Myth. A sexual assault can happen anywhere and at any time. In fact, surprisingly high numbers of assaults occur in places ordinarily thought safe, such as homes, cars, and offices. Often, a rapist will manipulate a victim to gain access to a "safe" place because this location reduces his chances of being apprehended. Also, women tend to avoid stereotypically dangerous situations such as dark alleys and isolated areas; hence, higher proportions of assaults happen in "safe" places.


14. The physician, after examination of the victim, determines if a sexual assault took place.

Myth. Sexual assault is a legal definition, not medical. The judgment of sexual assault is made by the courts. Physicians furnish medical reports and impressions for the court’s decision. They do not have the authority to decide if the victim was assaulted. Regardless of the legal outcome, if the victim perceives herself as having been violated, the experience is a significant event in her life and should be treated as such.


15. A woman cannot be raped by her husband.

Myth. This myth has its roots in the concept that a woman is the private property of her husband and is consequently at his sexual disposal. Although the laws vary, marital rape is now a criminal offense in most states; however, this is still probably one of the most difficult types of sexual assaults to prove.

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1. Sexual assaults are usually planned.

Fact. Most sexual assaults are planned in advance by the assailant. The act is premeditated, but the specific victim tends to be chosen at random based on her availability and vulnerability.


2. Most reported sexual assaults are true.

Fact. Reported sexual assaults are true, with very few exceptions. FBI crime statistics indicate that, of assaults reported, only 2% are false (Brownmiller, 1975); this is comparable to other major crime reports. The perception of false reporting may be based on low conviction rates for sexual offenders. Low conviction rates result from insufficient evidence to prosecute, dismissal of trial due to technicalities, and reluctance of victims to testify. For these reasons, low conviction rates do not imply false reporting.


3. Many sexual assaults are committed by an assailant known to the victim.

Fact. The victim is acquainted with her assailant in approximately 50% of reported sexual assaults. Authorities estimate this percentage to be even greater for unreported assaults. Many victims tend not to report an assault by a family member, lover, date, or acquaintance, believing that only assaults committed by strangers are sexual offenses. Other reasons for the reluctance to report this type of assault include feelings of embarrassment, shame, or self-blame; fear of gossip; emotional ambivalence toward the assailant; and concern about problematic prosecution. The voluntary association between victim and assailant tends to raise doubts and to elicit less sympathy than an assault involving a stranger. Society is less likely to acknowledge a sexual assault of this type because of preconceived notions and myths about "real" rape and traditional sex role stereotypes ("she says no when she means yes"). These suppositions are reinforced through the media and by cultural images concerning sexual interaction.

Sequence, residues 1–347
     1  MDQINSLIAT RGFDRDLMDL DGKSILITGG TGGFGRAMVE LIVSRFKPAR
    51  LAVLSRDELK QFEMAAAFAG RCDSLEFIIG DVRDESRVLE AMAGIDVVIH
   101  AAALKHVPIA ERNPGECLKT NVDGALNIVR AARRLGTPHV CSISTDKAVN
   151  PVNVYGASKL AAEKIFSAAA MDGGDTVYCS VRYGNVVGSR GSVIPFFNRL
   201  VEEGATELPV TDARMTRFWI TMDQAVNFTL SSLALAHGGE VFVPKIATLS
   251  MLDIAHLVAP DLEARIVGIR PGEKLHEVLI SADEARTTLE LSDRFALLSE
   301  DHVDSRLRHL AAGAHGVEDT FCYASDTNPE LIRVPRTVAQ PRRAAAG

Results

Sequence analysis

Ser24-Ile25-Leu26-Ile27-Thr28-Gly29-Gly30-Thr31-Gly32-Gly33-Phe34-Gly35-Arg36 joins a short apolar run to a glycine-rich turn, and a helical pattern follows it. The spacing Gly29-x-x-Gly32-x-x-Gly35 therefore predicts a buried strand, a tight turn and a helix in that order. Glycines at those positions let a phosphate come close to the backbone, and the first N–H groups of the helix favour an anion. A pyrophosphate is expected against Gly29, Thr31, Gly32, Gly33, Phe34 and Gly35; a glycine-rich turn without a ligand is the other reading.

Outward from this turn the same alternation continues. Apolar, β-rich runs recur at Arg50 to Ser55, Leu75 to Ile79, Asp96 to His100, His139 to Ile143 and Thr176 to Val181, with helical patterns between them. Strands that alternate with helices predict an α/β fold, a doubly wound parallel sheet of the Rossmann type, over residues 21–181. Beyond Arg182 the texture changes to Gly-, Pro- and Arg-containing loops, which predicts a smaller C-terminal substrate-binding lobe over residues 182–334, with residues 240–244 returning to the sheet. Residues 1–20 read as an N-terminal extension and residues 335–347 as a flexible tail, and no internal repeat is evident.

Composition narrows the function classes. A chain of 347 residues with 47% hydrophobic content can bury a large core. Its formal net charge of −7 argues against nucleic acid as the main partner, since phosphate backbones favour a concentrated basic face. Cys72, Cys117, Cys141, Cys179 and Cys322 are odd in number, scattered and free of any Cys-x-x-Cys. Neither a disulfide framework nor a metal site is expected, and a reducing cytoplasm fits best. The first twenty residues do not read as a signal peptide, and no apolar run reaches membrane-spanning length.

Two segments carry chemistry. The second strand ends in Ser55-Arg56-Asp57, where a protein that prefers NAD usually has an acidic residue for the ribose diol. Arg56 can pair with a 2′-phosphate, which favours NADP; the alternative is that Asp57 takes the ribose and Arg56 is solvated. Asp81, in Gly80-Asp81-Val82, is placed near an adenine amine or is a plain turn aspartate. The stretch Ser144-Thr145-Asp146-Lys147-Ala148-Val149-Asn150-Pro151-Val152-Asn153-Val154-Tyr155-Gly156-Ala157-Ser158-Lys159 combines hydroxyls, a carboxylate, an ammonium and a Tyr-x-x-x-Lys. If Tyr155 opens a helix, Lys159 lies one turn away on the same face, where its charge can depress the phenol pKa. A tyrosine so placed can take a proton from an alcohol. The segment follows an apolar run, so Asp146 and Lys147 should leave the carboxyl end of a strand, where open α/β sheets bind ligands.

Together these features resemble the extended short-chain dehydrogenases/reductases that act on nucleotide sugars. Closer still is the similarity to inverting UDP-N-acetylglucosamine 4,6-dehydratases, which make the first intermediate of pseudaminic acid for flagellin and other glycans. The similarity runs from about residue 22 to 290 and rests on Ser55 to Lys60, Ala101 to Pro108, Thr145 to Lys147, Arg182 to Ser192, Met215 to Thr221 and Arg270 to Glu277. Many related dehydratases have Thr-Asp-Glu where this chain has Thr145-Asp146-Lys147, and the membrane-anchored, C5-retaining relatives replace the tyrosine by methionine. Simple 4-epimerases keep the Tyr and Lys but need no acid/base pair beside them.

4. Most parents who sexually abuse their children have a history of sexual abuse, physical abuse, and/or neglect during their own childhood.

Fact. Many factors are involved in the sexual abuse of children. One of the most common factors is a history of abuse in the parent’s background. Abusive parents have an incidence of prior sexual or physical abuse much greater than that of the general population.


5. The younger the victim, the more likely that the assailant is well known to the family or is a family member.

Fact. As children, victims are taught to trust family members and close family friends who will protect them. Abusing adults violate the trust of younger victims. Children should be encouraged to follow their "gut" feelings in this type of situation before they become victims. They need to know the differences between "good" and "bad" touches and to be encouraged to say "no" to inappropriate behavior.


6. Most sexual assaults are not reported to the police.

Fact. Although estimates of reported sexual assaults vary, sources agree that a very low percentage, for example, fewer than one third, is actually reported. The Law Enforcement Assistance Administration estimates that there are 3.36 sexual assaults committed for each one reported (McCahill, Meyers, & Fischman, 1979). In a random sample of women in San Francisco, Russell (1984) found that only 8% of women who were assaulted filed reports. Based on these statistics, one can conclude that sexual assaults remain unreported to a vast degree.

7. Most sexual assaults occur during summer months.

Fact. Sexual assaults tend to increase during warmer months and to decrease during colder months. The potential for assault increases during warmer months because summer lifestyles increase a woman’s accessibility outside of "safe" places; windows and doors are opened for ventilation; and victims and assailants wear less clothing. Thus, the assault takes less time and the possibility for apprehension decreases during warmer months.

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Please note that the majority of sexual assault victims are female. The above myths and facts reflect this; however, we recognize that males are also victims of sexual assault. Reactions to the assault will be similar for a male victim.